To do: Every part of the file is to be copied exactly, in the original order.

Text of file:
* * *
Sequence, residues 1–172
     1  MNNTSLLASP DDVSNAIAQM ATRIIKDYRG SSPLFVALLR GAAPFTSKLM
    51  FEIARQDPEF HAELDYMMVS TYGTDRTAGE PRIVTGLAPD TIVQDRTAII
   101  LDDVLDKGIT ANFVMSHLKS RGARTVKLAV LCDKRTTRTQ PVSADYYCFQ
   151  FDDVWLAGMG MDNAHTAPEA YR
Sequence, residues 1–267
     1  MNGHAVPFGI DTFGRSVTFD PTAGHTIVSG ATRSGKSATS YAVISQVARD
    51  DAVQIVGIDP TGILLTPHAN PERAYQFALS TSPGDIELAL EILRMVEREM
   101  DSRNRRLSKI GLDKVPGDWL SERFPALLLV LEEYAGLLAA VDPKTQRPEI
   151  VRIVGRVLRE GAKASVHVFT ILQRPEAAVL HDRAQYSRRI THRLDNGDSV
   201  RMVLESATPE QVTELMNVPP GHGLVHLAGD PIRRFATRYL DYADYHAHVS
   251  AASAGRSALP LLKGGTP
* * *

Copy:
Sequence, residues 1–172
     1  MNNTSLLASP DDVSNAIAQM ATRIIKDYRG SSPLFVALLR GAAPFTSKLM
    51  FEIARQDPEF HAELDYMMVS TYGTDRTAGE PRIVTGLAPD TIVQDRTAII
   101  LDDVLDKGIT ANFVMSHLKS RGARTVKLAV LCDKRTTRTQ PVSADYYCFQ
   151  FDDVWLAGMG MDNAHTAPEA YR
Sequence, residues 1–267
     1  MNGHAVPFGI DTFGRSVTFD PTAGHTIVSG ATRSGKSATS YAVISQVARD
    51  DAVQIVGIDP TGILLTPHAN PERAYQFALS TSPGDIELAL EILRMVEREM
   101  DSRNRRLSKI GLDKVPGDWL SERFPALLLV LEEYAGLLAA VDPKTQRPEI
   151  VRIVGRVLRE GAKASVHVFT ILQRPEAAVL HDRAQYSRRI THRLDNGDSV
   201  RMVLESATPE QVTELMNVPP GHGLVHLAGD PIRRFATRYL DYADYHAHVS
   251  AASAGRSALP LLKGGTP